Where to Look?
Since recently I am a customer of the Asia Times Online. There is an interesting article in the current issue: A Falkland War in the Persian Gulf, by Kaveh Afrassiabi, starting with “Rejoice! Rejoice” words of the Iron Lady. In a war over semantic paragraph you’ll learn for instance that the term “Kidnapped sailors” is used on CNN but not on CNN international. This article sums up some of the holes of the story, notably Craig Murray, former British ambassador’s criticism of “Blair government’s lies in “doctoring” the “faked maps“.
Update: The Fanonite has a series of posts about the sailors:
Iran Roundup: “Iran’s official news agency defied British calls to stop publishing images of the captives”, the Guardian reports …” moving on after the semantic dispute!
The Persian Gambit
Call That Humiliation? or here at the Guardian
Iran Update: Down the Memory Lane, April 4th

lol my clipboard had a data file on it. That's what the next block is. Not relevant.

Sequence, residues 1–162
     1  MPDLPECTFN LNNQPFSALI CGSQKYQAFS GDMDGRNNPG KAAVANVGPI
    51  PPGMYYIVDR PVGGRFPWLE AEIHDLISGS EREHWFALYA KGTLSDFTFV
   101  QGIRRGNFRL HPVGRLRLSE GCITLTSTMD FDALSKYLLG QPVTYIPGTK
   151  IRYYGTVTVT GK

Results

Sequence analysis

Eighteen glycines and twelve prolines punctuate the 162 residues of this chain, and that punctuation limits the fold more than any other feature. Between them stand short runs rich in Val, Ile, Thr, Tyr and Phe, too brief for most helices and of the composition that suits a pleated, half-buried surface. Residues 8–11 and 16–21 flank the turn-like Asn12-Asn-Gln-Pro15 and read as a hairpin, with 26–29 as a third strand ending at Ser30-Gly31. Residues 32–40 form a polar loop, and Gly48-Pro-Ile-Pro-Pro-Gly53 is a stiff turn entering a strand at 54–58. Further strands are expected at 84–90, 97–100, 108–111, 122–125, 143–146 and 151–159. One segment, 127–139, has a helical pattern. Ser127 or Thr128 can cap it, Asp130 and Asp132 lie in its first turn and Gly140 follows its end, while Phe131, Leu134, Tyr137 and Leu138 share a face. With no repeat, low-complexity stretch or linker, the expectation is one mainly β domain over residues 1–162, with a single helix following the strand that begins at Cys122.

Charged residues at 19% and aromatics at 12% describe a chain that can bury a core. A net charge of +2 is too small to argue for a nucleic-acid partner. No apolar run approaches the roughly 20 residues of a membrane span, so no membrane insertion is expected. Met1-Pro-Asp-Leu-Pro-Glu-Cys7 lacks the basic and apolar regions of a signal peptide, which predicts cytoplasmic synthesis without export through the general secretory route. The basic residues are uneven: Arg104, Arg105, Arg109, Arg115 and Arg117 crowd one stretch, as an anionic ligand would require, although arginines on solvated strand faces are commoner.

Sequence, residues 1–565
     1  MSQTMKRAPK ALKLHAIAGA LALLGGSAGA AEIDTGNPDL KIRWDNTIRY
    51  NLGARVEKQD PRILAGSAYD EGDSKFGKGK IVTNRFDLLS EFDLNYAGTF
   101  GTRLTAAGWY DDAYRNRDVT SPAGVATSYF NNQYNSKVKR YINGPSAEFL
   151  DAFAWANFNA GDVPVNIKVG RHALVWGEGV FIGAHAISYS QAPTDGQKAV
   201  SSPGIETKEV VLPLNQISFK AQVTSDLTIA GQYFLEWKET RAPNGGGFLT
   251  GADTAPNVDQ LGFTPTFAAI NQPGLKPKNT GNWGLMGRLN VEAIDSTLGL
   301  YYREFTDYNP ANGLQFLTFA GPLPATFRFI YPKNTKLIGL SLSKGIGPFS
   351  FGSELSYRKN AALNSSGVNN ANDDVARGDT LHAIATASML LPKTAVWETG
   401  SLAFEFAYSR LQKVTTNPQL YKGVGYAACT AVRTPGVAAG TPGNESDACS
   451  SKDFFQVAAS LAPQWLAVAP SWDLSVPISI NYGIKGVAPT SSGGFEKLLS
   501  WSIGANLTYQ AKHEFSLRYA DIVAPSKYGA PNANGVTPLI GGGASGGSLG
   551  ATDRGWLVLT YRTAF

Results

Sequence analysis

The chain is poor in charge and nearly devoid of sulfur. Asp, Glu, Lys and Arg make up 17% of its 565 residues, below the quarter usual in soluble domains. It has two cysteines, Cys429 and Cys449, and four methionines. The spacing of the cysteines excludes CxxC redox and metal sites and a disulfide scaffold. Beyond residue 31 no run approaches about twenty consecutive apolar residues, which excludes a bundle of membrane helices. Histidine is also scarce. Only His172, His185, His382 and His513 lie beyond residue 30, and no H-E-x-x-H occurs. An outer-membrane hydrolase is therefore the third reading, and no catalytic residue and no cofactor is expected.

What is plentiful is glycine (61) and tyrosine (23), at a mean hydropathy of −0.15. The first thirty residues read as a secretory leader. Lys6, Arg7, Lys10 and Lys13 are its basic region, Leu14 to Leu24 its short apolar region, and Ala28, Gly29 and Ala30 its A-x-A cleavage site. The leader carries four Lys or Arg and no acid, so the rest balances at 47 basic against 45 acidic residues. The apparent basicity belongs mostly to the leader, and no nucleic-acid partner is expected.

Another recommendable read is Attack on Iran is the next step in divide an conquer of Middle East, by Daan de Wit, Atlantic Free Press.
This article develops around Seymour Hersh‘s important expose: Redirection. It also includes some recent developments as well as some of the background with an emphasis on what appropriate questions are not being posed.
Brzezinski is quoted: ‘I am perplexed by the fact that major strategic decisions seem to be made within a very narrow circle of individuals – just a few, probably a handful, perhaps not more than the fingers on my hand. And these are the individuals, all of whom but one, who made the original decision to go to war [with Iraq], and used the original justifications to go to war.’
… reference is made to NYT reporter Suskind quoting a White house aide: … ”We’re an empire now, and when we act, we create our own reality. And while you’re studying that reality — judiciously, as you will — we’ll act again, creating other new realities, which you can study too, and that’s how things will sort out. We’re history’s actors . . . and you, all of you, will be left to just study what we do.”’
Vanity Fair sums up this idea in From the Wonderful Folks Who Brought You Iraq.